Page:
Easy Ido/Lesson four
< Easy Ido
Note: This section has a lot of information, so go slowly!
Changing verbs to nouns, nouns to verbs, and othersEdit
- You can turn any adjective into an adverb by replacing -a with -e. mala (bad), male (badly).
- You can turn verbs into nouns by replacing the -ar with an -o. Remember that because verbs are action words, the noun will only be about the action itself, not the thing you use to do it. vidar (to see) - vido (seeing or sight); promenar (to walk) - promeno (a walk).
- You can change the -a on an adjective to -o, which gives you a noun of the thing that the adjective symbolizes. giganta (gigantic) - giganto (a giant). yuna (young) - yuno (a young person, a youth).
- Don't forget that the verbs we turned into adjectives before can turn into nouns in the same way too. drinkar (to drink) - drinkanta (drinking) - drinkanto (someone or something drinking, a drinker). flugar (to fly) - fluganta (flying) - fluganto (flier, the thing doing the flying).
- If you change the -o to an -a, you get a direct adjective. This means that metalo (metal) turns to metala (of metal), as in metala telefono (a metal telephone). Don't forget that this doesn't mean "metallic"! If it did, you could turn it back into metalo with the meaning "metal-like", and the word metalo would have two meanings. In the same way, papero (paper) turns into papera as in papera ucelo (a paper bird), and doesn't mean a "paper-like bird". This point is very important.
- The usual way to make an adjective from a noun is to replace the -o with -ala. Now the word papero turns into paperala (of paper), and we get the word paperala industrio (paper industry). Papera industrio would be an industry made of paper, so don't say that. Words like lego (law) turn into legala (legal) and manuo turns into manuala (manual, by hand).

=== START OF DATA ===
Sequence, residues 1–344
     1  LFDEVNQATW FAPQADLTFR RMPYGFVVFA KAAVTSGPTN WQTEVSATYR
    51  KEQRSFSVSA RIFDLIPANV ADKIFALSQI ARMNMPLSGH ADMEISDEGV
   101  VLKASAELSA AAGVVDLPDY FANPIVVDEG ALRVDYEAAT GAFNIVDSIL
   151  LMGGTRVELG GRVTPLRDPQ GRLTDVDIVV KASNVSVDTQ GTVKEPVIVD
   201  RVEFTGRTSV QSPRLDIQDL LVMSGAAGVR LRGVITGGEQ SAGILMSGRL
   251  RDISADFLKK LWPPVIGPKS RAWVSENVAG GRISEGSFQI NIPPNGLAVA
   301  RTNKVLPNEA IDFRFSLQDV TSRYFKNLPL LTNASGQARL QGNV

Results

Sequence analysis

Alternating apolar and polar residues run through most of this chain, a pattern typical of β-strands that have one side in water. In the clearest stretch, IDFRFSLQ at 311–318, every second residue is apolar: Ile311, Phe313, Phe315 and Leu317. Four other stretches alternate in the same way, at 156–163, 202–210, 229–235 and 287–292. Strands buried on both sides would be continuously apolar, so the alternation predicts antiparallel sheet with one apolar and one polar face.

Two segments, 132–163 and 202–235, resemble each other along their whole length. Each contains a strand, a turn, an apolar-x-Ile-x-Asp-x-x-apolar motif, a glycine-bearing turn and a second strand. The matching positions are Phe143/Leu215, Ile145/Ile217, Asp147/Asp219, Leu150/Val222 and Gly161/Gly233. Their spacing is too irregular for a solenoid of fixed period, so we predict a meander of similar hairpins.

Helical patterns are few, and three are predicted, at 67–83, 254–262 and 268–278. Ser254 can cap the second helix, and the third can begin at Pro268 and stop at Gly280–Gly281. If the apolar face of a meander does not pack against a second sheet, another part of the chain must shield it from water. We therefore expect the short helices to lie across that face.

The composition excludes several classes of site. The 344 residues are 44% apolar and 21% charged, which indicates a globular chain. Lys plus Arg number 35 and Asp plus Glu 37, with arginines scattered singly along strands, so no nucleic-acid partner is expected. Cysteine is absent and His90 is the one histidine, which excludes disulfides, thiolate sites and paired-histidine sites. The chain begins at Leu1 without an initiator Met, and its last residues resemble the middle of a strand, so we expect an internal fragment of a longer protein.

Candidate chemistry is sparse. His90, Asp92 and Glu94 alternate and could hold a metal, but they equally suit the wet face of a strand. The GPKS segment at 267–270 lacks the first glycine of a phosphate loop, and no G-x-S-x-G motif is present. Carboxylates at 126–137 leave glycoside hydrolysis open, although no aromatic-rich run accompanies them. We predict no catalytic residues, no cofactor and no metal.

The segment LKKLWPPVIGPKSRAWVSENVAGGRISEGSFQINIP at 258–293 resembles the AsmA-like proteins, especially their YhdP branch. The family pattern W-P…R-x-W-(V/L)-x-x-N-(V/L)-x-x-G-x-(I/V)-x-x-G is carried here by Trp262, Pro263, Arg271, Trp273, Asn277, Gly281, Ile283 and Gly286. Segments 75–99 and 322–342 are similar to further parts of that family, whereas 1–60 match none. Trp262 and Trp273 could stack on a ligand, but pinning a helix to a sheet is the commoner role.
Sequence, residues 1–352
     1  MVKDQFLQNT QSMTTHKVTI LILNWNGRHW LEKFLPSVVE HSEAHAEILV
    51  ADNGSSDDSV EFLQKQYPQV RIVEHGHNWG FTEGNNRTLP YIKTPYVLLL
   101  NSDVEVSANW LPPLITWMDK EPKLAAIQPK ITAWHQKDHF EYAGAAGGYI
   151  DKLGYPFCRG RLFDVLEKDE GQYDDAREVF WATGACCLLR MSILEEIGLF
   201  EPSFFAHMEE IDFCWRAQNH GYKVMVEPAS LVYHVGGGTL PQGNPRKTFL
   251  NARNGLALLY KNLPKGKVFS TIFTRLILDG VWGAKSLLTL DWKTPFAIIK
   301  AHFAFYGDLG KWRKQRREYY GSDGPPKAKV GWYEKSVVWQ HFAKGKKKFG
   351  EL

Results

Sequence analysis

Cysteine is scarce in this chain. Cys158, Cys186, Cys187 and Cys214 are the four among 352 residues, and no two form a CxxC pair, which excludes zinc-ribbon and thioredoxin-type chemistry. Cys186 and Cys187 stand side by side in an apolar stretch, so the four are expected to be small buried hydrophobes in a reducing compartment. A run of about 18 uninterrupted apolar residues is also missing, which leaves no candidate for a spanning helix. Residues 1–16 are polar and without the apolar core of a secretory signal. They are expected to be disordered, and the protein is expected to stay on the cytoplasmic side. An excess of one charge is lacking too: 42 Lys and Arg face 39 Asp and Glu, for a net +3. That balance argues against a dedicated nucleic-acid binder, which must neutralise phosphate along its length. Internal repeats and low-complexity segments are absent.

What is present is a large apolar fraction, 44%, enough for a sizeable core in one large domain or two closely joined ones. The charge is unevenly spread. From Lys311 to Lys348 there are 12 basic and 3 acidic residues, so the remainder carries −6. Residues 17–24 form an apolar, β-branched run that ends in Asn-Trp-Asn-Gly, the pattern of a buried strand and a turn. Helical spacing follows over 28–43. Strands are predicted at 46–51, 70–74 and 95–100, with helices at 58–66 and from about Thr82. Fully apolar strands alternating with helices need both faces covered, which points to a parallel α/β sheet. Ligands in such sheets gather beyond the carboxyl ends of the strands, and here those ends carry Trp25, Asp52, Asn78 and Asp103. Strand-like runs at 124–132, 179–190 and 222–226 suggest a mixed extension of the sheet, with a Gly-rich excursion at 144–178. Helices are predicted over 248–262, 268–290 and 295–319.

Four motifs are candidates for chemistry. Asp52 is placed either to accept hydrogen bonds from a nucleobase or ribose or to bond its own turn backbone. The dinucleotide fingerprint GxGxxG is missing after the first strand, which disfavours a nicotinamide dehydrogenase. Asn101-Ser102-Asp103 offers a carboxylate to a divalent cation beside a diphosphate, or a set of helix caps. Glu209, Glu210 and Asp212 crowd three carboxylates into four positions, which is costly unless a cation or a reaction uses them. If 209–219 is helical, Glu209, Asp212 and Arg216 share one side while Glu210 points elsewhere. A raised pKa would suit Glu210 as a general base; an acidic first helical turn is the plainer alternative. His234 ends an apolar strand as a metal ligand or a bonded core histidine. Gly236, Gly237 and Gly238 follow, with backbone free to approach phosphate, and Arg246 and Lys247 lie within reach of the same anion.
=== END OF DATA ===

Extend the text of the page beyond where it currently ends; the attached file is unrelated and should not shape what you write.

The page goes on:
Turning adjectives into verbsEdit
- There are some ways of turning adjectives into verbs. If you replace -a with -igar, you have a verb that means to turn something into the adjective. For example, kolda (cold) becomes koldigar (to make cold).
- To make a verb that shows something turning into the adjective, replace -a with -eskar. kolda becomes koldeskar (to become cold).
- Don't forget that now that they are verbs, don't worry and just use them in the same way as the others. Me koldigis tu (I made you cold), Elu koldeskos (she will get cold).
Turning nouns into verbsEdit
- To derive a verb from a noun the appropriate suffix must be used, according to the intended meaning of the verb.
- Nouns can turn into verbs by replacing -o with -agar. The suffix -agar comes from the word agar which means "to act", so -agar means "to act with a tool". This means that martelo (a hammer) becomes martelagar (to act with a hammer, that is, to hammer).
- You can do the same thing to make a verb with the meaning "to add" by replacing -o with -izar. That means that salo (salt) becomes salizar (to salt, or to add salt).
- Once you have a verb, you can turn it into a noun again, but remember that the meaning is about the action now, not the object. So martelagar (to hammer) becomes martelago (the act of using a hammer, or hammering), and salizar becomes salizo (the act of salting, or adding salt).
- If you use the wrong ending you'll have a different meaning. If you put -izar on martelo for example, you will have the verb martelizar which means "to add hammer", which doesn't make much sense.
Okay, that's enough for this lesson. Make sure to read this one a few times to remember. Try finding some words of your own, change the endings and see if you can find them in real Ido sentences on Google.